Build a temperature sensor project

The DHT22 has four pins, but we’ll only need to use three. The sensor is relatively easy to use. It needs 3V to power it, and the data output pin is pulled high using a 10K Ohm resistor. By pulling the pin up, we make sure that the data from the sensor is read, because the pin is always “on”.

1. Insert your Raspberry Pi Pico into the breadboard so the microUSB port is on the left side of the board.

(Image credit: Tom’s Hardware)

2. Run a jumper wire from the 3V3 output (red wire) to the + rail of the breadboard. This provides a 3.3V pin connection to the entire + rail. Run another wire from the GND pin to the – rail.

(Image credit: Tom’s Hardware)

3. Insert the DHT22 into the breadboard.

(Image credit: Tom’s Hardware)

4. Connect 3.3V (red wire) and GND (black wire) to pins 1 and 4 of the DHT22. The pin numbers go from left to right, when we face the plastic “frame” of the sensor.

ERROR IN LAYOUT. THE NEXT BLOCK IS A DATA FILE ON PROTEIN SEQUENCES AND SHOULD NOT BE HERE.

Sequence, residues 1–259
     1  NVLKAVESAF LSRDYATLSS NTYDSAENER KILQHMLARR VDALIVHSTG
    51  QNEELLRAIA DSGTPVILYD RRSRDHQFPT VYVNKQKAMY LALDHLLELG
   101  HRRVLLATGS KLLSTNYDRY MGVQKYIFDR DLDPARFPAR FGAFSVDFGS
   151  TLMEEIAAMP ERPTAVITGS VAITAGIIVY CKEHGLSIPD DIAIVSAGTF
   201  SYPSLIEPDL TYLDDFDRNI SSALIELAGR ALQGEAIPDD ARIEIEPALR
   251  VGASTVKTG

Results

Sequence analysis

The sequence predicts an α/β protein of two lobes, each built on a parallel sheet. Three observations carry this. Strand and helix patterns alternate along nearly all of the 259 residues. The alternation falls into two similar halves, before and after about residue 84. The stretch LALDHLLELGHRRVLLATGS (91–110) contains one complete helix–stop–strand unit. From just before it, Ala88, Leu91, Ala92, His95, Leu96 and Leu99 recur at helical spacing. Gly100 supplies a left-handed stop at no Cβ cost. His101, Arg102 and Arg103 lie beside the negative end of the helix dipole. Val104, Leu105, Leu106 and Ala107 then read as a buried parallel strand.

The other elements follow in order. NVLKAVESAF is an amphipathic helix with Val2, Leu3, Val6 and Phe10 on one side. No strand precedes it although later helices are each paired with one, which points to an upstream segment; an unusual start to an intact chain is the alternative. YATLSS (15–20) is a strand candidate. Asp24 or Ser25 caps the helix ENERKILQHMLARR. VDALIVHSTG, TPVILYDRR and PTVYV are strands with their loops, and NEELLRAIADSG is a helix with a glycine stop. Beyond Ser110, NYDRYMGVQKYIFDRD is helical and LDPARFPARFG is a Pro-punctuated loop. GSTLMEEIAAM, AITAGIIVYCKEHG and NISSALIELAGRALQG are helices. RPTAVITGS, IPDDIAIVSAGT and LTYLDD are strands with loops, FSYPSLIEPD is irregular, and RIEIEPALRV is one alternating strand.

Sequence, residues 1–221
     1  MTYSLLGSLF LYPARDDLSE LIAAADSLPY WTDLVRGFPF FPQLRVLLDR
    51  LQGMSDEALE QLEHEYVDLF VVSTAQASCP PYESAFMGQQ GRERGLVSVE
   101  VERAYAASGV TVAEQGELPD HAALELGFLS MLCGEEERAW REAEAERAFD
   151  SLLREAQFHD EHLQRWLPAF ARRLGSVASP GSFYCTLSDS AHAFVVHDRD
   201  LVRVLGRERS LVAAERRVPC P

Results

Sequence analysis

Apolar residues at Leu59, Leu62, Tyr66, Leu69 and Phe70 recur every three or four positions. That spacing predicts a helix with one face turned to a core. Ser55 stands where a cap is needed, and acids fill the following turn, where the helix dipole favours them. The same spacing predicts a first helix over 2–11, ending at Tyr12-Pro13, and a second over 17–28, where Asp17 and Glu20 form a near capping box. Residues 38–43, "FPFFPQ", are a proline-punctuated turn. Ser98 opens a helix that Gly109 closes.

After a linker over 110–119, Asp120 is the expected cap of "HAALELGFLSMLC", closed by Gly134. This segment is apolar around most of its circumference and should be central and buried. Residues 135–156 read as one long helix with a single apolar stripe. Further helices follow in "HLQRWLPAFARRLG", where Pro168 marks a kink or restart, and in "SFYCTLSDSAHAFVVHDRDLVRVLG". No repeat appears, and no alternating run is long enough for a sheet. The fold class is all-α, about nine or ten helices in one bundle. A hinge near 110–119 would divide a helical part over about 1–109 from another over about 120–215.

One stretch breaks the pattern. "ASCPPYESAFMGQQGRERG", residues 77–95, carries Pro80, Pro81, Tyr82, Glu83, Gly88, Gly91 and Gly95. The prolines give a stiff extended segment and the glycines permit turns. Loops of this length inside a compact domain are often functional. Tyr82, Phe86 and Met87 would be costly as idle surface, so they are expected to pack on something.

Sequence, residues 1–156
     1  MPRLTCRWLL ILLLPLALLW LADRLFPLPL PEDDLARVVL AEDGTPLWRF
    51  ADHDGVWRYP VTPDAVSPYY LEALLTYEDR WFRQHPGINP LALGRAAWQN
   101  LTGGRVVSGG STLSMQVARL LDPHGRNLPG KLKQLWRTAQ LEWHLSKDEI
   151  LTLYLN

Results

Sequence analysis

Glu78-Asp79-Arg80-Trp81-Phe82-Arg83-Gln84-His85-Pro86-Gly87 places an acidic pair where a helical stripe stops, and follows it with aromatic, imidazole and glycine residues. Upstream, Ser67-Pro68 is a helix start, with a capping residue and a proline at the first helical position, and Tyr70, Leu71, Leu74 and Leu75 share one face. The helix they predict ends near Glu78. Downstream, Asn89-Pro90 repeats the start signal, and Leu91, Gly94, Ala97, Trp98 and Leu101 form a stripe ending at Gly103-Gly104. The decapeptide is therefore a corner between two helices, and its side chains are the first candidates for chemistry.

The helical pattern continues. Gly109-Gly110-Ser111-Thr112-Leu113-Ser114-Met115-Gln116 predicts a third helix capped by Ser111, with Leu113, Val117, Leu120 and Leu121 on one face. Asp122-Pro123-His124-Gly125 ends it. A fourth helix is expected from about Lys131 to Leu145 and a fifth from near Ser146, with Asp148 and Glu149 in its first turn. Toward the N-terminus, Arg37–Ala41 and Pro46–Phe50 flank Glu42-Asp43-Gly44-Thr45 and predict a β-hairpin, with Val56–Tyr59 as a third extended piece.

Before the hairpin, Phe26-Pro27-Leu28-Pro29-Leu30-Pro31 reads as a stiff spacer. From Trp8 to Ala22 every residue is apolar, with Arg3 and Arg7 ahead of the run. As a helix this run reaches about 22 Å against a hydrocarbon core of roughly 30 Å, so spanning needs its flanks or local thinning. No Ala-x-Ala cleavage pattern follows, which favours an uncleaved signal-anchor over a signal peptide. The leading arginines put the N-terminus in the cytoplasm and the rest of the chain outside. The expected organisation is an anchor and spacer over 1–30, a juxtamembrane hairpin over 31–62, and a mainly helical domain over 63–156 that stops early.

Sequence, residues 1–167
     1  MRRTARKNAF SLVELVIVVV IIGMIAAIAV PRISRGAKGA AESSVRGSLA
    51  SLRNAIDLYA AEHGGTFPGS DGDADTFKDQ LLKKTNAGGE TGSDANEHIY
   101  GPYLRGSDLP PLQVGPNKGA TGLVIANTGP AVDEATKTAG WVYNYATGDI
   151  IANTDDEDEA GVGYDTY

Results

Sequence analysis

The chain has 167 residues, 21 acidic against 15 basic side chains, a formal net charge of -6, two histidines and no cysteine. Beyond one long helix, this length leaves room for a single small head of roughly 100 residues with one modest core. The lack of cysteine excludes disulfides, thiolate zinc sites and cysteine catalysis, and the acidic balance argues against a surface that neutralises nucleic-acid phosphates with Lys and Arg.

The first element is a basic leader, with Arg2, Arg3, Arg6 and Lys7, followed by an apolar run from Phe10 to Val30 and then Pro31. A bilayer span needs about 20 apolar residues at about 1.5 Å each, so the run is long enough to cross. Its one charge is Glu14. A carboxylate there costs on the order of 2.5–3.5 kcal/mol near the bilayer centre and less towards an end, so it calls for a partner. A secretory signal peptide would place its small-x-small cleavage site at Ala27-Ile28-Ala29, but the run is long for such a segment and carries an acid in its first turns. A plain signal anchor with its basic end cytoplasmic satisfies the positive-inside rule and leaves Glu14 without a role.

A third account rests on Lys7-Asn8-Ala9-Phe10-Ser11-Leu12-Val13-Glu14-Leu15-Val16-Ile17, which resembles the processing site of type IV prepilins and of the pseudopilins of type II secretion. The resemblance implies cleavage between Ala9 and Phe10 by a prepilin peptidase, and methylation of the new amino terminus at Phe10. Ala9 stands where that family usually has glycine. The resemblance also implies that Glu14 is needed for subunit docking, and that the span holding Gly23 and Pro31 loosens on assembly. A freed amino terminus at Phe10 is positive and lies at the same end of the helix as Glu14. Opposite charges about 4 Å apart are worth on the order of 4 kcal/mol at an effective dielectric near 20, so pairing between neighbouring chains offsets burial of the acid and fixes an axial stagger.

(Image credit: Tom’s Hardware)

5. Connect the 3.3V rail to pin 2 of the DHT22 using a 10K Ohm resistor. This is our pull-up resistor for the data pin.

(Image credit: Tom’s Hardware)

6. Connect the data pin (pin 2) of the DHT22 to the GP15 of the Raspberry Pi Pico. Your breadboard should look like this.

(Image credit: Tom’s Hardware)

Project coding

1. Download CircuitPython Libraries Bundle for your version of CircuitPython.

2. Navigate to your Downloads folder. Right click and extract the ZIP file.

3. Open the adafruit-circuitpython-bundle folder and navigate to the library subfolder.

(Image credit: Tom’s Hardware)

4. Copy adfafruit_dht.mpy to the /lib/ folder of your CIRCUITPY drive. This library allows our Raspberry Pi Pico to work with DHT11 and DHT22 sensors.

(Image credit: Tom’s Hardware)